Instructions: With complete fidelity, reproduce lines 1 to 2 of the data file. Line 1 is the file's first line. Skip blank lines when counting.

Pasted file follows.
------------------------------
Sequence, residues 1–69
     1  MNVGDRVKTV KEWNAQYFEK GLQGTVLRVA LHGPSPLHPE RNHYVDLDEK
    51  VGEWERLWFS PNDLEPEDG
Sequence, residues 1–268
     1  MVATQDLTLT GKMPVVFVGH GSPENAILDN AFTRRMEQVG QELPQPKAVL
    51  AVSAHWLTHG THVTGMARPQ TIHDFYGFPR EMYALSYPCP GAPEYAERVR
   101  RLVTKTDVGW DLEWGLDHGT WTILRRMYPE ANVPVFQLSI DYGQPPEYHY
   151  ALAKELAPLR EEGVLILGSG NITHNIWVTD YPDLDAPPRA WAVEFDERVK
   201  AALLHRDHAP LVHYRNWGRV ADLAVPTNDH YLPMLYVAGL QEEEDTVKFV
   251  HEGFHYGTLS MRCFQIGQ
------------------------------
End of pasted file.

Sequence, residues 1–69
     1  MNVGDRVKTV KEWNAQYFEK GLQGTVLRVA LHGPSPLHPE RNHYVDLDEK